Every morning, millions of people start their day enjoying a cup of coffee. But did you know that the flavor of your coffee is shaped by its growing conditions? Region, soil type, climate, elevation, and processing method all affect the taste of the drink we all know and love. The coffee tree is a living thing, and just like us, it thrives with optimal nutrients, sunlight, and care.

Is a coffees’ growing region a flavor?

Certain regions are known for delivering similar coffee flavor profiles. That means if you know someone who “loves Guatemalan coffee”, they are probably finding the notes of chocolate, fruit, and caramel that they enjoy time after time. Processing method (how fruit is removed from the coffee seed and its drying process) can influence the cup as well.

The primary coffee growing and exporting areas are all near the Earth’s equator.

  • Africa: Ethiopia, Kenya, Burundi, Rwanda, Tanzania.
  • Asia: China, Indonesia, Papua New Guinea, Yemen.
  • Central America: Colombia, Costa Rica, Guatemala, Mexico.
  • South America: Brazil, Ecuador, Peru.
  • Hawaii, Cuba, Vietnam, and many others.

The main coffee growing regions are Central and South America, Africa, and Southeast Asia. This area between the Tropic of Cancer and Tropic of Capricorn is known as the "Bean Belt", or coffee belt.  Nearly all of the commercially grown coffee in the world comes out of these regions, as these areas are considered to be supreme growing conditions for coffee trees. The best beans produced are those grown at high altitudes, in rich soil, a mountainous tropical climate, and processed with care.

Picking Coffee Cherries

Central and South America is one of the top coffee producing regions in the world. Brazil and Colombia lead the way in volume of coffee production, but Mexico, Guatemala, Costa Rica, and Panama also produce great coffee. In terms of flavor, these coffees can have a massive range from heavy and chocolate to vibrant and fruity. Colombia is a well-known coffee producing country and is unique because of its exceptionally mountainous landscape and rich volcanic soil.

The most famous coffees from Africa and the Middle East originate in Kenya, Ethiopia and the Arabian Peninsula. Kenyan coffee is generally grown in the foothills of Mount Kenya and can be full bodied and very fragrant. Ethiopia, considered the birthplace of Arabica, has a rich history of coffee that started with the harvest of coffee from wild trees. Ethiopia’s main sources of coffee are from Sidamo, Harer, or Kaffa -- delivering full flavored and bodied, or even tea-like and bright coffees. The fruity and floral coffee from Ethiopia opens many coffee explorers’ eyes to the diversity of flavor that coffee can have.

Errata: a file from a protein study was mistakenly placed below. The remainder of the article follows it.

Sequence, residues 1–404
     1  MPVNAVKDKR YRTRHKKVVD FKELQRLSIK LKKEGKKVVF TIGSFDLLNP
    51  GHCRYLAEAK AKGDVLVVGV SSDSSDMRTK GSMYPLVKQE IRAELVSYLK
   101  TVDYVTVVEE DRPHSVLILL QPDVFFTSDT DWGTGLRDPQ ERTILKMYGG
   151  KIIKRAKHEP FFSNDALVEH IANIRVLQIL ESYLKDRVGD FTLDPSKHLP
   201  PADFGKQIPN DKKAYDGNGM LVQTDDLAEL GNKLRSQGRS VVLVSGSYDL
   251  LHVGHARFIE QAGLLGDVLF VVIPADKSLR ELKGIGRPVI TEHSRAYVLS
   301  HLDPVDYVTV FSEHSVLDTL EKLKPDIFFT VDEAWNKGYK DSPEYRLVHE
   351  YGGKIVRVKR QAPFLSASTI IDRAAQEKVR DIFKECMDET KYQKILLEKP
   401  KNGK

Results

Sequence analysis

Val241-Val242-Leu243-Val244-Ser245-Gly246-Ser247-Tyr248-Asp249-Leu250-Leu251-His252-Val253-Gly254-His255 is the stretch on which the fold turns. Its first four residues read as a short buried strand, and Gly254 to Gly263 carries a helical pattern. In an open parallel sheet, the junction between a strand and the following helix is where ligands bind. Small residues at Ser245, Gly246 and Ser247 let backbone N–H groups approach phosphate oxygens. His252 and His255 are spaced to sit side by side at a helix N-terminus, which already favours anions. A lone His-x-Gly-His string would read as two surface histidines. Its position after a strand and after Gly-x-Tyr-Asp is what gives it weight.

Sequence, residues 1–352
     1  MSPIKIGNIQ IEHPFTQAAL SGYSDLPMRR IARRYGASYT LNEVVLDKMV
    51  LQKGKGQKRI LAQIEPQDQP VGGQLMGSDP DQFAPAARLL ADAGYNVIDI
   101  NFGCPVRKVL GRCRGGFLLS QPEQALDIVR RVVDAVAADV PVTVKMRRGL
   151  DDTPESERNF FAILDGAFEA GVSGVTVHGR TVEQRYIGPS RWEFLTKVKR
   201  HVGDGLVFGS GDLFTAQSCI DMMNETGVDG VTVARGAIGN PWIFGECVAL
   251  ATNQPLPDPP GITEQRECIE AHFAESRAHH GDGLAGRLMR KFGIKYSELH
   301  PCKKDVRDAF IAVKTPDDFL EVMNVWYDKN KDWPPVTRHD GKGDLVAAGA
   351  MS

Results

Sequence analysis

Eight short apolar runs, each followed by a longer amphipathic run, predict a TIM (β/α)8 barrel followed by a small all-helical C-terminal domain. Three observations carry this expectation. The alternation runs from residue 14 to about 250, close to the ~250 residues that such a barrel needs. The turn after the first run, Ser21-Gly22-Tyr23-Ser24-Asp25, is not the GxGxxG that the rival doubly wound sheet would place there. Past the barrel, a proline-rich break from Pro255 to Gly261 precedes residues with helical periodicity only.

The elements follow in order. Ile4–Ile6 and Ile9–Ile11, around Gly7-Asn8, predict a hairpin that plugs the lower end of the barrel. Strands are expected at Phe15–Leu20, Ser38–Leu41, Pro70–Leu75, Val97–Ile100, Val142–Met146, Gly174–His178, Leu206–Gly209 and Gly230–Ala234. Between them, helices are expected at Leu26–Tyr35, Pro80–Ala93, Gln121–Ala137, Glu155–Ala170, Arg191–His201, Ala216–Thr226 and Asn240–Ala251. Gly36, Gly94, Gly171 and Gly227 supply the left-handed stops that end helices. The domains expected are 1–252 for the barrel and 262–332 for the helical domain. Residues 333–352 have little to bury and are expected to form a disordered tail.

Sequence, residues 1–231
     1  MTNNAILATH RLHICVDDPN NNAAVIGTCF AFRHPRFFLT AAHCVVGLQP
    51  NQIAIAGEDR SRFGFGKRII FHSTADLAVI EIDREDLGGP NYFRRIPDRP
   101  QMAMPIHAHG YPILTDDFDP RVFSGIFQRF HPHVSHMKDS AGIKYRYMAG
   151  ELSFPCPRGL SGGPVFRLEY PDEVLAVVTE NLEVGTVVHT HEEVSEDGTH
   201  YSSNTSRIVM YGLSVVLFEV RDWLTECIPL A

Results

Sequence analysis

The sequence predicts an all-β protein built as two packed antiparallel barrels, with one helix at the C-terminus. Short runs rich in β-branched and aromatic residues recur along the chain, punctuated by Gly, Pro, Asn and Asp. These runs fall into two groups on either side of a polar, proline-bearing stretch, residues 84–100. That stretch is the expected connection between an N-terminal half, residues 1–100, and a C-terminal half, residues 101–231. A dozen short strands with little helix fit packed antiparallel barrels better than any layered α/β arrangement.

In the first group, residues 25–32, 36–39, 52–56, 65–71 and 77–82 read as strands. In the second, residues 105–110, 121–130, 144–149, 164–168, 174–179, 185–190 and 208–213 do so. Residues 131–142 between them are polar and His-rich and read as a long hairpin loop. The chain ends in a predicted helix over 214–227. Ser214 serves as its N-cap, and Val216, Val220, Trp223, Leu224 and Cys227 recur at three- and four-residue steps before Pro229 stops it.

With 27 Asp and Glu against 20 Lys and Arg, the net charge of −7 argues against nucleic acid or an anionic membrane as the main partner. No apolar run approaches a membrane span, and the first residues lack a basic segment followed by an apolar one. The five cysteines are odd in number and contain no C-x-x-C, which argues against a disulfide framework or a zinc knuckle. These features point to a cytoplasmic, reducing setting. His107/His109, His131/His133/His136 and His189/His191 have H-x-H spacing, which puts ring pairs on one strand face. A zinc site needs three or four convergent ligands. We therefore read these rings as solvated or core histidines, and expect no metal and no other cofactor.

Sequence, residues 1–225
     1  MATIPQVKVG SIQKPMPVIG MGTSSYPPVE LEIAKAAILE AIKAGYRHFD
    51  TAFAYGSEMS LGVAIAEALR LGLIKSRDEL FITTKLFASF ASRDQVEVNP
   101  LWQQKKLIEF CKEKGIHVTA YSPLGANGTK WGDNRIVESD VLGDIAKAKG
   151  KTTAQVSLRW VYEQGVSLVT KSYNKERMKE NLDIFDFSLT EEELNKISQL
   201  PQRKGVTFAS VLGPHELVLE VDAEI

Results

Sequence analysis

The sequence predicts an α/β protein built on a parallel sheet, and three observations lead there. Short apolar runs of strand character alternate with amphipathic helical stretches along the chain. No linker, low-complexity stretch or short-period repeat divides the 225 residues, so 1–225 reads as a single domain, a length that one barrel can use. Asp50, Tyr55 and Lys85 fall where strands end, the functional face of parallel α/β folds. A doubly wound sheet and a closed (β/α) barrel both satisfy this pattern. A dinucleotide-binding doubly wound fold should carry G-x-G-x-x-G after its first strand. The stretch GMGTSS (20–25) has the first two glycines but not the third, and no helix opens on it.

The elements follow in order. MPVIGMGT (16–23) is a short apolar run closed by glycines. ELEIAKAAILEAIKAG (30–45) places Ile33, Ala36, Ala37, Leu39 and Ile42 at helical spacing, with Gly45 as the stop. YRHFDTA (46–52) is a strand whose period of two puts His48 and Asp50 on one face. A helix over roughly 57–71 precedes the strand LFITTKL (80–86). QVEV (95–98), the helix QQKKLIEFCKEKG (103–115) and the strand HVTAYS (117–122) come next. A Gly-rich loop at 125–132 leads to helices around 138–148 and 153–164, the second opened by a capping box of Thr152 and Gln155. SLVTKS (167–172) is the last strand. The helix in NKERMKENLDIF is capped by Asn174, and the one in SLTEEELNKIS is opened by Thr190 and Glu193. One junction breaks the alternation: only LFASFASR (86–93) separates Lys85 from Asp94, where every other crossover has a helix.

Southeast Asia is particularly popular for coffees from Indonesia and Vietnam. The Indonesian islands of Sumatra, Java, and Sulawesi are famous around the world for their rich, full-bodied coffees with earthy flavor and little acidity. You can find interesting coffees from Asia due to processes like monsooning and giling basah, which result in a higher moisture content and a heavy bodied, spicy profile with very little acidity.

Variety of coffee has a massive impact on flavor. Specialty grade coffee is generally Arabica, which is brighter and sweeter, and grown at high altitudes. The variety Robusta is usually commodity grade and has a heavier and more bitter flavor. 

Influencing the flavor of coffee: the region, processing method, and the roast

After harvest, coffee beans are processed and shipped out to be roasted and distributed to consumers and cafes. Processing methods affect coffees’ flavor profile significantly, and new processing methods can alter the unique quality of coffee. 

Experimental processing methods such as anaerobic fermentation and carbonic maceration have begun to alter this concept of attributing certain qualities to regions.

These fairly new methods of preparation can yield unpredictable, yet tasty results. The fruit of the coffee cherry is removed through fermentation in a sealed drum or container, this will add different aromatic compounds altering the final flavor. The character of a regions’ coffee can be vastly different than expected with these methods compared to washed or naturally processed coffee.

Check out our Unique & Limited Release coffees, you may even find some of these!

Taking time to think about where your coffee comes from and how it got to your cup, may add an extra dimension to your morning ritual

What does this mean for your cup? Each of the coffee exporting areas produce coffee that is distinctive of its climate, topography, and growing practices. Different processing methods can also add a new perspective on a coffees’ flavor. This means if quality specialty coffee is what you’re after, each one is worth trying! So next time you brew a delicious cup of coffee, take notes on the flavors and smells you pick up, and try to find what makes your tastebuds the happiest!

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